My niece, Erica, recently told me about a book she had read. It seems with all I have going on in my life, I’ve been living “under a rock”, so to say. She suggested that when I was strong enough, I read the book Me Before You by Jojo Moyes.
The book is quite popular and landed #1 on the New York Times Bestseller list. It was even made into a major motion picture. She peaked my curiosity and I started doing a little research on the book topic. It didn’t take long for me to realize that there were some emotional parallels that couldn’t be denied.
The novel that asks, What do you do when making the person you love happy also means breaking your own heart? The novel that states, I realized I was afraid of living without him. Do you know how hard it is to say nothing? When every atom of you strains to do the opposite? This novel will, no doubt, hit every emotional chord within my body. I know how the story ends, all too well. I know. I’ve been there. I’ve lived it.
If you read it and loved it, I can only guess that it caused you to stop, think, and shed several tears as you imagined saying goodbye to someone you love. Putting their individual needs ahead of your own.
Saying goodbye to Brittany was the most difficult thing I’ll ever do in my life. It was the most selfless act of love, I’ve ever provided. To put her needs and wishes…and maternal gut instincts aside…to support her, took time. But, it was the right thing to do for Brittany. It was her life, her terminal illness, her pain, her fear, her fight, and her death. It was her choice to make. That’s not to say that every terminally ill patient wants to follow the same path as Brittany. It’s to say it should be a choice…for those that do want the option.
Last week, I posted information about recommending Wild and Precious Life as a reading selection for book clubs. If your club hasn’t read Me Before You, perhaps it would be a good companion selection. Or, if your club already read and shared it, Wild and Precious Life would be a great piece to read this year for comparison.
I’ve been contacted by several of you that have introduced Wild and Precious Life to your local book clubs. First of all, thank you for starting the conversation. By doing so, you keep Brittany’s spirit alive while broadening minds and opening up discussions. In addition, those of you that contacted me, asked that I continue to share discussion points for each section. I will happily do so, to assist in the ease of utilizing the book in your local book clubs.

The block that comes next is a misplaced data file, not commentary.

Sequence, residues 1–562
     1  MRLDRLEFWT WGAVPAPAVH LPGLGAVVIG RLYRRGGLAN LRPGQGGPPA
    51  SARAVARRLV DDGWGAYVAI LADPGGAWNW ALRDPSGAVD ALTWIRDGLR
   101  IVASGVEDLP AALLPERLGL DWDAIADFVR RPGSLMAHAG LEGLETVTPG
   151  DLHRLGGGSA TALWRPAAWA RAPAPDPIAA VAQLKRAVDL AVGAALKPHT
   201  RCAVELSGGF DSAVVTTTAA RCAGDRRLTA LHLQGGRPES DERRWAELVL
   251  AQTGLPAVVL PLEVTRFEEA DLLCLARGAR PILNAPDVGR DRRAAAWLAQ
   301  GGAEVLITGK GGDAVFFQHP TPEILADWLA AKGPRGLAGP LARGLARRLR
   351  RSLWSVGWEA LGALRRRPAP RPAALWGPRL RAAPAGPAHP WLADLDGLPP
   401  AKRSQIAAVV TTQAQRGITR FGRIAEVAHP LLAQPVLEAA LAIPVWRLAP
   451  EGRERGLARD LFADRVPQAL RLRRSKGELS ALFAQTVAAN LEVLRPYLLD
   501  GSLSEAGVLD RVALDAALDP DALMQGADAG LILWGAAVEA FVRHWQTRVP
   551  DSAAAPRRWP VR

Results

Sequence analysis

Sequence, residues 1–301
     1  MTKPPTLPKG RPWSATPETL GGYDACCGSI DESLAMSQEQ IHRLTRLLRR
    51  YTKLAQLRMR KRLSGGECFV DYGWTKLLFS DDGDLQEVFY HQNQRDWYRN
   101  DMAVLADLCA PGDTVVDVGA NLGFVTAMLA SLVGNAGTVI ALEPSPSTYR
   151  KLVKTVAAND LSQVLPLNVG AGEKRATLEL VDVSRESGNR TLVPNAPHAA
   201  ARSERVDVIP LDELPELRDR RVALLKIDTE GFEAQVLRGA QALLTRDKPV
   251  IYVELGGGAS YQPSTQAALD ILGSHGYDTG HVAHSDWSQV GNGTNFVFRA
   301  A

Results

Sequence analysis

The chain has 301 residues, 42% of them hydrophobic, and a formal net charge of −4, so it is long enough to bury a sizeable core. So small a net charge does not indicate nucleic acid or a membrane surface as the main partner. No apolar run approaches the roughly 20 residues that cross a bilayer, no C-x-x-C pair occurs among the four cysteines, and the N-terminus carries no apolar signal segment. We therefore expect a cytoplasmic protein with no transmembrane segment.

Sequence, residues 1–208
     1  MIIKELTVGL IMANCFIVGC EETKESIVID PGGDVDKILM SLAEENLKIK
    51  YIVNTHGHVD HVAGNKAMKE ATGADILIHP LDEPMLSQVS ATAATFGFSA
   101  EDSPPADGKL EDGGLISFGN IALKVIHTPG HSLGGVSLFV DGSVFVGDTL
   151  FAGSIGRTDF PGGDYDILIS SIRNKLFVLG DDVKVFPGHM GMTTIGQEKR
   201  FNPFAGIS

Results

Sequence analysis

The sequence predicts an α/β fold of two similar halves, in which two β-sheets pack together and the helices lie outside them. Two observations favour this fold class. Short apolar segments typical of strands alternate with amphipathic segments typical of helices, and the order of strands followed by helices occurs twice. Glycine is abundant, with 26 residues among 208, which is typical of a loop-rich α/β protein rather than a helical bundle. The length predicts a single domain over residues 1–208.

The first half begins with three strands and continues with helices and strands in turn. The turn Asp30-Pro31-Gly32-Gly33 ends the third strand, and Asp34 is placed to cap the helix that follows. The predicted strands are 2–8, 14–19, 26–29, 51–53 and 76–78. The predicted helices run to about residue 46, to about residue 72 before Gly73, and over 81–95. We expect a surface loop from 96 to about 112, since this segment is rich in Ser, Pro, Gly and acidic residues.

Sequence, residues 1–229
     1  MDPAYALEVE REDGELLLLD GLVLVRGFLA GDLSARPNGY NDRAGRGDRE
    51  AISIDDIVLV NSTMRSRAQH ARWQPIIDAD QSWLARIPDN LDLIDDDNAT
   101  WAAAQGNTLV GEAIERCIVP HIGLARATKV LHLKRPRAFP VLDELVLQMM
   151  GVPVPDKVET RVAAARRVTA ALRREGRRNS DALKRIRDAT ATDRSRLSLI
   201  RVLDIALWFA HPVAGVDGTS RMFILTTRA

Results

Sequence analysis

I was excited to learn that many of you enjoy having a format with ideas for topic discussions. This provides me a better understanding of ways I can continue sharing Brittany’s life in a very intimate and personal manner. When we break down our walls and share intimate and honest discussions about death and the needs of others, we can learn so much.
Book Club Talking Points:
Part One – Catastrophe
- Foreboding 3 – Click Foreboding to see last weeks discussion topics.
- Bad News 15
Bad News Discussion Topics:
My experience with Brittany taught me many things. One of the most important things I learned is that, as patients and caregivers, we must advocate for ourselves. Doctors, while well educated, are only human. They are overloaded with patients, stressed, and, at times, they lose sight of us as individuals. Have you ever been an advocate for yourself or someone you love? What did you have to do? Did it make a difference? How well were your questions received?
1.)In this section, there were many times, I had to “go with my gut”. What the staff was saying and what I “knew” did not mesh. I had to learn to speak up. I feared being seen as disrespectful, but knew that my daughter’s life was in their hands. So, I found the courage to find my voice and advocate for my girl. I did my best to stay respectful, but I learned, during this time in the hospital, that asking questions was an important part of the caregivers role.
pg. 16 “She couldn’t do the MRI,” the guy pushing the gurney said to us. “She was claustrophobic. We’ll need to mildly sedate her and try again.”
“She’s never been anxious or claustrophobic. She’s had MRIs before.” I didn’t want Brittany being drugged anymore; not after finding her unresponsive.
pg. 26 “The push should be very slow. Pushing Dilaudid too fast can be dangerous.”
“Is it in her record that she was unconscious yesterday after this drug was pushed too fast?” I asked.
The nurse established eye contact long enough to confirm he’d heard the question. “From now on, ask what they’re giving her. With Dilaudid, point to the note on the board and remind them to administer it slowly.”
2.) I’m not sure what I envisioned for the way that doctors inform patients of a terminal illness. But, I am sure that what happened is NOT what I expected. Do you have any examples of a loved one or yourself being informed of life altering information in a less than supportive and compassionate way? How do think information, such as this, should be shared? What did you envision?
pg. 20 He was almost out the door when I heard Brittany’s voice. “Hey, are you my doctor? … Have you seen my scans?”
The man hesitated, and then stepped back in the room.
“Can you tell me what’s going on?” “I’ve been here more than 48 hours and no one’s talked to me. “
The doctor shifted his weight. He opened the file in his hand and flipped through some pages, buying time. Those few seconds did not bode well.
“You have a large infiltrating nonenhancing lesion present in the left temporal lobe. It is also crossing into the left hemisphere and pushing on the right ventricle.”
He looked up from the file for a moment, and then back down. He moved toward the door.
Thank you for taking the time to read this, share this, and consider Wild and Precious Life as your book club selection. Please feel free to share discussion points with me. I am open to new ideas and suggestions and welcome your feedback.